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Arizona’s electorate – regardless of political party registration – is dissatisfied with state government and its leadership, according to results of a recent Morrison Institute-Knowledge Networks Poll.
Two-thirds, or 68 percent, of voters disapprove of the way the Legislature is handling the state budget and taxes. Just 32 percent approve. While Democrats (76 percent) and independents (67 percent) are more disenchanted with the Legislature, the majority of Republicans (61 percent) also are critical of the GOP-dominated Legislature, which has made major cuts in programs to balance the state budget.
“Even among Republicans, whose party dominates Arizona government, there is widespread dissatisfaction with the way that state government is operated,” said David Daugherty, director of research at Morrison Institute for Public Policy at Arizona State University. “Dissatisfaction with Arizona government appears to be consistent with voter dissatisfaction around the country.”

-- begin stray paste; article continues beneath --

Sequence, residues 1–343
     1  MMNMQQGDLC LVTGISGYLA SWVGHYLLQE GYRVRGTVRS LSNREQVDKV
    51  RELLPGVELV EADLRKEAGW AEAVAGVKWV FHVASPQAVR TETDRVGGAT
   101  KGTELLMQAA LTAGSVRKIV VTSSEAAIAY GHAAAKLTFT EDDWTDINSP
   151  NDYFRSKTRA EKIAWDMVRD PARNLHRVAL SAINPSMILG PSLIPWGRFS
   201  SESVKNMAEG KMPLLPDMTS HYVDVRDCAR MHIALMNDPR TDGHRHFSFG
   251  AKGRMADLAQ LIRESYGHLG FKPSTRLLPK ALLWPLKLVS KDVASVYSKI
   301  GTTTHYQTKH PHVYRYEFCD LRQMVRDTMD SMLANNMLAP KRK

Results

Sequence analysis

A Wall Street Journal/NBC News poll, released Sept. 9, portrayed a general unhappiness with elected officials in Washington, D.C. According to the nationwide sampling, 56 percent of all voters – Democrats, Republicans and independents – said it was time to make a change in their congressional district and give someone else a chance to represent them.
It should be noted that dissatisfaction among Arizona’s electorate is not new. A July 2009 poll for Arizona Indicators, a collaborative online data project managed by Morrison Institute, found that 66 percent of Arizona voters surveyed disapproved of how the Legislature was dealing with the state budget and tax issues at that time. The percentage of dissatisfied voters, however, has increased, the new Morrison Institute-Knowledge Networks Poll shows.